Nearly 30 percent of the average person’s closet sits unused and unworn for at least a year, resulting in $50 billion worth of neglected garments going to waste, according to Fletcher. A growing number of iconoclasts, however, are eschewing the fast-fashion lifestyle for “alternative fashion experiences,” including clothing swaps and inventive alterations, to “champion the craft of use above the constant thrill of purchase.”
A growing number of iconoclasts have decided to champion the craft of use above the constant thrill of purchase.
These are the people Fletcher wants to talk to. “This project celebrates the people who are finding riches and abundance within the limits of the stuff they already own,” she says. “In tough economic times many are questioning whether our thirst for material goods is actually making us happy. Evidence suggests that it can actually undermine our capacity to enjoy them, so the challenge explored by Local Wisdom is how to pace consumption rather than maximize it.”
New Yorkers will soon get a chance to make fashion history. On Saturday, January 26, Local Wisdom will hold court at Parsons The New School of Design. The project’s request is simple: Bring your favorite garment to the Sheila C. Johnson Design Center between 10 a.m. and 4 p.m., tell team members the history of its use, and allow yourself to be photographed wearing the item (changing facilities will be provided).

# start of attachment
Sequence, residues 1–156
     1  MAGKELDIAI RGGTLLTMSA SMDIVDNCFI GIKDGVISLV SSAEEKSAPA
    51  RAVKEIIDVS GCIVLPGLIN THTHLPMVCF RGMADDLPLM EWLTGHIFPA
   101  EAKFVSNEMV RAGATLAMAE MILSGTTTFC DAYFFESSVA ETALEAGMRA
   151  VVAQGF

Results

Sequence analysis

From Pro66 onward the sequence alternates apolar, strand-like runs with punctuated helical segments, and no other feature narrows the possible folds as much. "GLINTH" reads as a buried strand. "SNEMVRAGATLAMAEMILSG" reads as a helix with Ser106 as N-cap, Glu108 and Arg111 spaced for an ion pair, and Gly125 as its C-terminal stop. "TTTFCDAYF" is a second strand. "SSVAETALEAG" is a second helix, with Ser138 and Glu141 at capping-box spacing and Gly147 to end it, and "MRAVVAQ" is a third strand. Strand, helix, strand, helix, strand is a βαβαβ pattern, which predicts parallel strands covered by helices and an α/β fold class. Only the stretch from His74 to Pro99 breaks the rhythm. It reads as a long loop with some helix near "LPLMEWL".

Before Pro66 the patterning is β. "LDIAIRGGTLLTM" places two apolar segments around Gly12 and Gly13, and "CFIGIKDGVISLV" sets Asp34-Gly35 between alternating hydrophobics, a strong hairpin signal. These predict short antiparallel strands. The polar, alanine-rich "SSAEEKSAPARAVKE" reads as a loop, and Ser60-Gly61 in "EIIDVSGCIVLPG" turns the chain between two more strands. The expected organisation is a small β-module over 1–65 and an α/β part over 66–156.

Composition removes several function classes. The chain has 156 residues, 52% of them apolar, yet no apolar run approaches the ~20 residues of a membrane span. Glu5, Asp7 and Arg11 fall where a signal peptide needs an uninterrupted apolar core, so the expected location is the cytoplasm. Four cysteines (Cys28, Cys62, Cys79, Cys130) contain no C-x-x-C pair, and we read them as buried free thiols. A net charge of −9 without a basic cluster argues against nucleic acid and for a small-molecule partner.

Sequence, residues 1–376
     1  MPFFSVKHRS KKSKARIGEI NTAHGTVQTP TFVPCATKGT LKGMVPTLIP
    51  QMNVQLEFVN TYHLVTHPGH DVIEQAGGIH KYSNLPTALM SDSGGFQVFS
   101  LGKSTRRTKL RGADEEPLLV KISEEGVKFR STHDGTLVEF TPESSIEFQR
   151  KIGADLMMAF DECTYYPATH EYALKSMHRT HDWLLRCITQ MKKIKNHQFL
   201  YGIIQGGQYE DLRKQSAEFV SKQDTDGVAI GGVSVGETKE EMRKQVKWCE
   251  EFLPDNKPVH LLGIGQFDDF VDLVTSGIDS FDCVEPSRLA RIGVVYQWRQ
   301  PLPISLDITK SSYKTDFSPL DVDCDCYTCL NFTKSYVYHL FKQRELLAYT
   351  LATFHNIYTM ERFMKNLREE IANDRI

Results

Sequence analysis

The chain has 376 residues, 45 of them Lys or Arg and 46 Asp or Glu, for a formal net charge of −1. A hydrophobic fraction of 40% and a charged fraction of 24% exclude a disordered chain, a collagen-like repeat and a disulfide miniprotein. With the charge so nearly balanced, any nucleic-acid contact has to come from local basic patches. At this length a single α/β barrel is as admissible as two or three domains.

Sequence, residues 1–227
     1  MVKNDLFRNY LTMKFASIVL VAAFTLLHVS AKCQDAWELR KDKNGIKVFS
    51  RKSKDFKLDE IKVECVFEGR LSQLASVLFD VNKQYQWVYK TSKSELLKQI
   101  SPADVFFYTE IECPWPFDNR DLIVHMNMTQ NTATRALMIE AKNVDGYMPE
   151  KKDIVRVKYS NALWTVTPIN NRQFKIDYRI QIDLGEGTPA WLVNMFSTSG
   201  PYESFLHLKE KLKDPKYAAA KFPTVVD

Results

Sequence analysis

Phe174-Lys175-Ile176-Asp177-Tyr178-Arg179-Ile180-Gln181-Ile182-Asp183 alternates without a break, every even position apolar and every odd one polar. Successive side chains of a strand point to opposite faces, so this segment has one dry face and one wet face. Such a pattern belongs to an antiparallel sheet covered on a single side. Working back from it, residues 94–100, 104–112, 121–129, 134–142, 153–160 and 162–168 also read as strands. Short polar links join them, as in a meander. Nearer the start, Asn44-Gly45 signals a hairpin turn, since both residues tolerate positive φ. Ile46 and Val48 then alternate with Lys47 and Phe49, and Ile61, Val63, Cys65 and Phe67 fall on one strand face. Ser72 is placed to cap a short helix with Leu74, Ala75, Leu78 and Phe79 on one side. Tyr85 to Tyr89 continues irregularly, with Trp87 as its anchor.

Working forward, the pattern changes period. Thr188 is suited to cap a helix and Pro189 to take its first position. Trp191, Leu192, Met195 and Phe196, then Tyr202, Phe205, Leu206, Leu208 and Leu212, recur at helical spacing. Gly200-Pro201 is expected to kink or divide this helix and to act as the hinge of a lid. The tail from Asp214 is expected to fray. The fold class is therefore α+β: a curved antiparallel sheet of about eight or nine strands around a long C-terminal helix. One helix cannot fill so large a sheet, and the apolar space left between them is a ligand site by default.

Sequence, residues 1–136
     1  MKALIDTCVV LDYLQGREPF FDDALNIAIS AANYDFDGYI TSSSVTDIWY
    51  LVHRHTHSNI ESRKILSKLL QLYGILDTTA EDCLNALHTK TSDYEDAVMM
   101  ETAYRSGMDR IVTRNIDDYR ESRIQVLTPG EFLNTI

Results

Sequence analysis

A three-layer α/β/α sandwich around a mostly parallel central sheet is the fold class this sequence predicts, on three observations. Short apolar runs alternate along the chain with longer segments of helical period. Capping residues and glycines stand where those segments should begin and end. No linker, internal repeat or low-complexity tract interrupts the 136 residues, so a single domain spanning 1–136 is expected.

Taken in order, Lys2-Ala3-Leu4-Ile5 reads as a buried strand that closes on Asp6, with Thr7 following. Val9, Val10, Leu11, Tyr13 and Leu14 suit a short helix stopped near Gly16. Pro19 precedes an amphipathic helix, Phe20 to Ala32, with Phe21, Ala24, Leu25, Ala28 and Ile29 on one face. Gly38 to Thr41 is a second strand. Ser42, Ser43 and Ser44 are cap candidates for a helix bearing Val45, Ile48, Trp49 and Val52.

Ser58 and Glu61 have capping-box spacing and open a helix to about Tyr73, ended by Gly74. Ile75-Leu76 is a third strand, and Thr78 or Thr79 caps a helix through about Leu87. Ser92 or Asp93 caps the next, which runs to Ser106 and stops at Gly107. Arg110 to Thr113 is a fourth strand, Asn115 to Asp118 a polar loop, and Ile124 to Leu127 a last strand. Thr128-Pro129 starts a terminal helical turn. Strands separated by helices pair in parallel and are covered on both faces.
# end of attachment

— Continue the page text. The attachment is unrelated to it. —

“This groundbreaking project investigates how people use clothes, then harnesses this knowledge to drive fashion design,” Timo Rissanen, assistant professor of fashion design and sustainability at Parsons, explains. “While we have in many ways reached the limit in terms of the economic and environmental costs of fashion, there are no limits to the levels of enjoyment and satisfaction it can bring us. Uncovering the somewhat invisible craft of clothing use allows new kinds of engagement between producers and consumers of fashion.”
Need another dose of inspiration? Peruse the pictures and stories from a recent photo shoot in London.
Saturday, January 26
10 a.m. to 4 p.m.
Sheila C. Johnson Design Center
Parsons The New School for Design
2 West 13th St., New York, NY 10011